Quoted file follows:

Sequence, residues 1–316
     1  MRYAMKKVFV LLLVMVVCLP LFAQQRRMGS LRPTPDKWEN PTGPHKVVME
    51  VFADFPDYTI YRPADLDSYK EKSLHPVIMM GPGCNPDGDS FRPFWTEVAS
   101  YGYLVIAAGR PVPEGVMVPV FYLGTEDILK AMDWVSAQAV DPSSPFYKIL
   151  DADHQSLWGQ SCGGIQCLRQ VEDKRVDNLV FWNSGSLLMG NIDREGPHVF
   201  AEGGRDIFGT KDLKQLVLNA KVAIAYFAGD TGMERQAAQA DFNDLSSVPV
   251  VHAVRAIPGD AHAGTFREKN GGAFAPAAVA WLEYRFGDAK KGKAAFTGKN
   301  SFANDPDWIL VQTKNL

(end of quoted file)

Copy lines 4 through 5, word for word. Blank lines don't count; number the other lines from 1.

   101  YGYLVIAAGR PVPEGVMVPV FYLGTEDILK AMDWVSAQAV DPSSPFYKIL
   151  DADHQSLWGQ SCGGIQCLRQ VEDKRVDNLV FWNSGSLLMG NIDREGPHVF